Geez. Emo Emily.

November left

The night was wide, and furnished scant
With but a single star,
That often as a cloud it met
Blew out itself for fear.

The wind pursued the little bush,
And drove away the leaves
November left; then clambered up
And fretted in the eaves.

No squirrel went abroad;
A dog’s belated feet
Like intermittent plush were heard
Adown the empty street.

To feel if blinds be fast,
And closer to the fire
Her little rocking-chair to draw,
And shiver for the poor,

The housewife’s gentle task.
“How pleasanter,” said she
Unto the sofa opposite,
“The sleet than May—no thee!”

~Emily Dickinson
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This is a perfect poem for the start of December, in so many ways. Dickinson begins with the image of a vast night whose darkness is interrupted only by a lone star–and that star is frequently obscured by scudding clouds. With the personification of the star as fearfully extinguishing itself, the poet captures the very human sense of apprehension many of us feel as we approach the darkest day of the year.

November in this poem is like a small, disgruntled creature–it leaves, but then doesn’t, climbing up into the eaves to linger and fret. Just as there is but a lone star in the sky, there is a single living creature out on this dark, cold night–a dog, returning home late, padding almost silently along. Does plush make a sound? The speaker says it does–but it must be a sound that is all but silent. With the wind blowing, how could anyone hear that plush?

In the last two stanzas, the speaker brings us inside a home, where a houswife’s duties are to make sure the blinds are fastened against the night and weather, and to “shiver for the poor.” In the final stanza, the woman addresses “the sofa opposite”–presumably there is someone there? Her spouse? A child? A friend? Maybe a cat or dog?? She remarks that the inclement weather is more pleasant than May. It’s an interesting comment–on one hand, it’s unexpected. Of course May is more pleasant. But for the housewife, May likely means all manner of chores, while the sleet affords her the opportunity to sit, cozy by the fire.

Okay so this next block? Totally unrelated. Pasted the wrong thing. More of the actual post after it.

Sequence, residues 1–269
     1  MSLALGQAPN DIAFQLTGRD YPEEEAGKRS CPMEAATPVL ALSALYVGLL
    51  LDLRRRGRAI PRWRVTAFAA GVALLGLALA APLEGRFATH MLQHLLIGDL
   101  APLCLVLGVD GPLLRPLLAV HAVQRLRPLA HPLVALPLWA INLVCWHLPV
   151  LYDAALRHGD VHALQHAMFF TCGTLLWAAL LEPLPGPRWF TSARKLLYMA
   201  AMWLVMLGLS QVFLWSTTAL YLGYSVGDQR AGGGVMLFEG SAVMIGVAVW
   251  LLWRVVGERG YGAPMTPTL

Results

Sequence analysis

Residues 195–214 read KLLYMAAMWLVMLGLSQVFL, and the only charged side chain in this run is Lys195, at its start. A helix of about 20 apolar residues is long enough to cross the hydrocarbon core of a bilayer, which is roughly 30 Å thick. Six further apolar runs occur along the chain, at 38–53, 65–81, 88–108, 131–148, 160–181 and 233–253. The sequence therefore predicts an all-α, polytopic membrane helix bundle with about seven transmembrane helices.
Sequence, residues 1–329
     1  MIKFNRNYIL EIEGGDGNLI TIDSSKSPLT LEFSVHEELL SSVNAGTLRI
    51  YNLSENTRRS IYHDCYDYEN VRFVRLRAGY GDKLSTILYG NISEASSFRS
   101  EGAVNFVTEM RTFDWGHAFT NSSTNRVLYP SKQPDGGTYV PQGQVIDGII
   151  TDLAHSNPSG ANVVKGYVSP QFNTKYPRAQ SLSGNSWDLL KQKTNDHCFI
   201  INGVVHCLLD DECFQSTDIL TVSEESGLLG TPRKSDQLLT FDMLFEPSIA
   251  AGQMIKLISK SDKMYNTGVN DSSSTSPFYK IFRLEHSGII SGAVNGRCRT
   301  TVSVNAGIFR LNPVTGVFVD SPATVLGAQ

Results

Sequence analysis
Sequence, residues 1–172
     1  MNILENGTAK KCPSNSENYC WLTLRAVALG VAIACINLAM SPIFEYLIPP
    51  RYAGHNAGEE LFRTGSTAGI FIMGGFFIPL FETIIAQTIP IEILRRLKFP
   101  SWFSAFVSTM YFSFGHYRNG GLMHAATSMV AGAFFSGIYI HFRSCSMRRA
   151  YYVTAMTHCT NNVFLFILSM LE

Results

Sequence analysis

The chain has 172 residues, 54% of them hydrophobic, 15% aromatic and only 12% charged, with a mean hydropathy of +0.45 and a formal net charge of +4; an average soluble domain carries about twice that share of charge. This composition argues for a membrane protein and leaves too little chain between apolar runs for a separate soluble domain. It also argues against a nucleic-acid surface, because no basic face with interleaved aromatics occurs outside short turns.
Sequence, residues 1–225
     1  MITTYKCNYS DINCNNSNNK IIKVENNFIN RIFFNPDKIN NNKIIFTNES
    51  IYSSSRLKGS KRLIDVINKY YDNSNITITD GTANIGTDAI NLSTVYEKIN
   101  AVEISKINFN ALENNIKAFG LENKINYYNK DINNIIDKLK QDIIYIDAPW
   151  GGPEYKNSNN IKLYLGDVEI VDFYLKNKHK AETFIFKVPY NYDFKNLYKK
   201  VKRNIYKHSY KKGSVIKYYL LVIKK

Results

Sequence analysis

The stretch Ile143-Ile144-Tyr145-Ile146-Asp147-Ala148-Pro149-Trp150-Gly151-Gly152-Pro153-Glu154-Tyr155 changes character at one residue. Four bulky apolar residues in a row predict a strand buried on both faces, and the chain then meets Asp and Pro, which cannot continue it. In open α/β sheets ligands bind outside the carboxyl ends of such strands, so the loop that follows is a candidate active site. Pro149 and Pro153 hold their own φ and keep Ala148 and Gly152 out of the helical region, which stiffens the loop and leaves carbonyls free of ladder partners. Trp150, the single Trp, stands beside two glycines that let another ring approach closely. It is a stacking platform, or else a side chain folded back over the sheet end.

The last line, however–or rather, the last two words–are perplexing. The housewife says that the sleet is more pleasant than May, and then adds, “no thee!” She’s addressing the sofa opposite, and if there’s someone on it, what do we make of this remark? Is she saying, “No, you are more pleasant than May,” or is she saying that sleet is more pleasant than May because there is now “no thee”? She could either be complimenting or issuing a Dickinson-style burn. I really can’t tell which one. What do you think?